Blimey O’Reilly I hadn’t realised that I had not updated my blog for so long! My mother always says that time flies as you get older (along with the fact that policemen begin to look young enough to be your son) and I tend to – correction, firmly - agree with her.
However, enough with the excuses.
The main news from the CFZ is that the expedition to South America is now afoot. As I write this, the intrepid team are battling their way under unbearable conditions and we do wish them all the best. We have had spasmodic contact from them, and you can keep up to date with events as they unfold by checking out the dedicated site Guyana Expedition blog.... so I won't repeat it here. They do seem to be having an awful time with the relentless heat, dryness and lack of shade though - sitting here typing this as it rains outside, it is hard to believe that it can be so hot somewhere else. You quickly forget the discomfort caused by our own muggy summer days, and it has to be said that the conditions they are under are obviously far worse being so near to the Equator.
So to other news, albeit not nearly as important.
It seems that I may have a working cooker before Christmas – I was beginning to despair on this front. I have basically been on strike from cooking these past months – there had been one cake too many burnt in the contraption that calls itself an oven, one roast potato too many that had crisped so much that it threatened to break teeth, and one occasion too many that facilitated having to squeeze a meal for seven into a space that was really designed for two. So … I had donned my ‘Citizen Smith’ beret a month or so ago and became militant and downed tools, apart from anything that could be made in the slow-cooker that is. You can age a year cooking a meal here – the two free standing electric rings take four times as long as they should to boil vegetables and timing simultaneous readiness had become a logistical nightmare. So – enough was enough.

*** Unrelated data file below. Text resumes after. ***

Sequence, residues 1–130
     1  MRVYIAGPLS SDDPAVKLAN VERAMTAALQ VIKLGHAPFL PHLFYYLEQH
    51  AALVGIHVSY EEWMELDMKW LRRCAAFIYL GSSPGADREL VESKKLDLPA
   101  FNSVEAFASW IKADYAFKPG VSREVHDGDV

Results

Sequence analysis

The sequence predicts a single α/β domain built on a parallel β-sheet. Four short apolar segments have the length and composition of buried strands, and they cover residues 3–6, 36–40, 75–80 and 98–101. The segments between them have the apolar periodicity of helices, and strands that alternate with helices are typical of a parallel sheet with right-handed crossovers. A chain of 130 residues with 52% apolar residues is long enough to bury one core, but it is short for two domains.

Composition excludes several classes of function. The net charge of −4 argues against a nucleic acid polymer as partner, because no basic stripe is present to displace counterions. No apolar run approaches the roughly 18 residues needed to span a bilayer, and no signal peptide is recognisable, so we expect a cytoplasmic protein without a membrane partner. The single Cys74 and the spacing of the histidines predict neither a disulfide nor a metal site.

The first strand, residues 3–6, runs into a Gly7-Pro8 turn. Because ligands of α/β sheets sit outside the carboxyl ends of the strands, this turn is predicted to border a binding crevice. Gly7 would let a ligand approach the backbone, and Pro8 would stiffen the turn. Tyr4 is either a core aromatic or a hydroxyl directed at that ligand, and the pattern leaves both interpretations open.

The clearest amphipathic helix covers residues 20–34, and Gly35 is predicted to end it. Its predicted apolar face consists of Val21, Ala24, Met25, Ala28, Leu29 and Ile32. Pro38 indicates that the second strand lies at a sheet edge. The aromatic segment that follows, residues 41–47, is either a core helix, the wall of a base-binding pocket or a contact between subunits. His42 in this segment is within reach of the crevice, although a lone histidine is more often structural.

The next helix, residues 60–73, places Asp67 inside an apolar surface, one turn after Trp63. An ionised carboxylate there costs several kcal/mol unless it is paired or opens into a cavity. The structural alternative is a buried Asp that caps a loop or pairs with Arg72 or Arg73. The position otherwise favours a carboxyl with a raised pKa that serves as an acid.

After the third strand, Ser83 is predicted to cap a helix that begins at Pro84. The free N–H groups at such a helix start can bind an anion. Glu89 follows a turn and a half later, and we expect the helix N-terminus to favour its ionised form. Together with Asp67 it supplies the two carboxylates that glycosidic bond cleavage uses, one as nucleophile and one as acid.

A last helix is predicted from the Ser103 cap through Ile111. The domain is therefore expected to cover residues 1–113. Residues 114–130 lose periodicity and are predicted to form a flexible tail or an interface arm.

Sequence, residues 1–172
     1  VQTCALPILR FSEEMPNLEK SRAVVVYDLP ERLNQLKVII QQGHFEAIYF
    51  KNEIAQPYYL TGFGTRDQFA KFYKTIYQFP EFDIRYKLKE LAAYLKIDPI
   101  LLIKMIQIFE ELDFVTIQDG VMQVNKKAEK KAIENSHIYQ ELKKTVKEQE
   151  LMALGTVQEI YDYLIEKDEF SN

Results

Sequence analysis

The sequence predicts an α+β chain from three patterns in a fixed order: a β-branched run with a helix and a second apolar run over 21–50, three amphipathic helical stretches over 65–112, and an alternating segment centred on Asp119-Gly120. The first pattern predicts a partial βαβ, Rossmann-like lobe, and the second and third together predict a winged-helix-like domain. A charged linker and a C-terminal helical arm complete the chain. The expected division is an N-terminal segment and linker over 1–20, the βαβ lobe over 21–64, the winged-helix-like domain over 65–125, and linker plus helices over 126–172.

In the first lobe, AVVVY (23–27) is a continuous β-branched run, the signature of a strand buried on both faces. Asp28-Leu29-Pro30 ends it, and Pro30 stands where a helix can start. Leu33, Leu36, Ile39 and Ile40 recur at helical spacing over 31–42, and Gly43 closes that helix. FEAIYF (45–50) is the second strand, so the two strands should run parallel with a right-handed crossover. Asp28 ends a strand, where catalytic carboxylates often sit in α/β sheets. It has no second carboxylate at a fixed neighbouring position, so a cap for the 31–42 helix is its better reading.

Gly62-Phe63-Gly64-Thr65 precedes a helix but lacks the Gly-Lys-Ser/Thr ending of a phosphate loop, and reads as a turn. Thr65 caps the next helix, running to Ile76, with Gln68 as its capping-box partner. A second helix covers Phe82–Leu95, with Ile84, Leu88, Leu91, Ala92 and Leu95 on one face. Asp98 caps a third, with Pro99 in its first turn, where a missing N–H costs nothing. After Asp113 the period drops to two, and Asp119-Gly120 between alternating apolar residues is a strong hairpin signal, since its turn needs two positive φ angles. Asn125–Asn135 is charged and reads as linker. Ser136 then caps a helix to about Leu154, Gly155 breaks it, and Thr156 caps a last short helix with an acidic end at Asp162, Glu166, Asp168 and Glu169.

I love cooking, especially baking – it is very therapeutic. I also have the added bonus that living here with all these blokes means that I can bake to my heart’s content and know that it will actually get eaten. I also don’t even have to partake of any myself (oh well, alright maybe a smidgeon to taste it) as I don’t really like sweet things as much as I used to.
Now you may think that this is a cover up for being a shoddy cook – but I never had these problems with my old cooker back in Lincolnshire, or any complaints, and as one of my fridge magnets states: ‘Many people have eaten in this kitchen and gone on to lead normal healthy lives.’
However, the cooker is being delivered tomorrow and, barring any unfortunate hidden hiccups, all should be well.
Since last posting, Jon and I have written a letter of complaint to the Chief Superintendent at Welwyn Garden Police Station due to the appalling situation we find ourselves in with the belongings we had to leave in the Jag after the accident a couple of months ago. We had no choice but to leave some possessions in the car and had to bully our way into getting our suitcases, my laptop, and Jon's jacket and wallet from it before we were taken to hospital. Yes, to be fair, it was not exactly the time or place to go rummaging amongst broken glass in the dark, whilst in the middle of the M25, but we had no idea, then, that it would be so difficult to reclaim possession of our belongings. The letter was a ranting four pages long, so I won’t bore you with it all, but here are some précised paragraphs from which you will glean the gist of the situation, and I hope you will agree that we have cause for disgruntlement under the circumstances:
‘However, in the meantime, on the Friday after the incident, we telephoned Kartec to arrange pick up of the remaining items that we had no choice but to leave in the vehicle. We were told that it was not worth us going that day, and that they would post on the items and send us an invoice for the carriage costs. This seemed perfectly reasonable to us, and as they are police approved we assumed that all would be in order.
Hence, we sent them a letter under recorded delivery which itemised the items. This was not responded to. We then received a recorded delivery letter from Kartec saying that we needed to pay them £195 + vat, together with £12 per day for removal and storage of the vehicle, and explained that we had until 13th December to pick up our belongings. Upon telephoning them to query this, they then said that they could not post the items on to us. If we had known this, then we would have insisted that we went along to pick them up on the Friday after the incident.
As you can see from the letter heading, we live in North Devon and it is not such an easy journey to make to pick up our things. One of our colleagues was visiting family, near the area, last week and I wrote the required letter of authorisation for him to collect them on our behalf, and he also had the registration document in his possession, plus the original letter from Kartec.